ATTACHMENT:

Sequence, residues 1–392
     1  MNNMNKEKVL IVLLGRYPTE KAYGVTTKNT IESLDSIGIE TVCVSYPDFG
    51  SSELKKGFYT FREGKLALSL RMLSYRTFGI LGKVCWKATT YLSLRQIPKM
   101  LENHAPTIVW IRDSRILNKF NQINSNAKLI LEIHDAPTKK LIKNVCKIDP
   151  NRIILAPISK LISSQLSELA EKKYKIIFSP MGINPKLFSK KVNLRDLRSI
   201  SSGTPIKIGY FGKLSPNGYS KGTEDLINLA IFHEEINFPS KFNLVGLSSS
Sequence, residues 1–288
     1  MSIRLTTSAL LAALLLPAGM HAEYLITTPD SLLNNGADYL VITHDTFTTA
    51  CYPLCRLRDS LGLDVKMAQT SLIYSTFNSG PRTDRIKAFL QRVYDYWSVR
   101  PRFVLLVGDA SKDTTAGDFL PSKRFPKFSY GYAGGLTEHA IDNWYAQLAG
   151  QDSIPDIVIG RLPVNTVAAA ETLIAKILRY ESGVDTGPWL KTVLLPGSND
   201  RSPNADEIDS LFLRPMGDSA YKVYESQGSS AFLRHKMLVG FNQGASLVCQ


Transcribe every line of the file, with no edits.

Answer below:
Sequence, residues 1–392
     1  MNNMNKEKVL IVLLGRYPTE KAYGVTTKNT IESLDSIGIE TVCVSYPDFG
    51  SSELKKGFYT FREGKLALSL RMLSYRTFGI LGKVCWKATT YLSLRQIPKM
   101  LENHAPTIVW IRDSRILNKF NQINSNAKLI LEIHDAPTKK LIKNVCKIDP
   151  NRIILAPISK LISSQLSELA EKKYKIIFSP MGINPKLFSK KVNLRDLRSI
   201  SSGTPIKIGY FGKLSPNGYS KGTEDLINLA IFHEEINFPS KFNLVGLSSS
Sequence, residues 1–288
     1  MSIRLTTSAL LAALLLPAGM HAEYLITTPD SLLNNGADYL VITHDTFTTA
    51  CYPLCRLRDS LGLDVKMAQT SLIYSTFNSG PRTDRIKAFL QRVYDYWSVR
   101  PRFVLLVGDA SKDTTAGDFL PSKRFPKFSY GYAGGLTEHA IDNWYAQLAG
   151  QDSIPDIVIG RLPVNTVAAA ETLIAKILRY ESGVDTGPWL KTVLLPGSND
   201  RSPNADEIDS LFLRPMGDSA YKVYESQGSS AFLRHKMLVG FNQGASLVCQ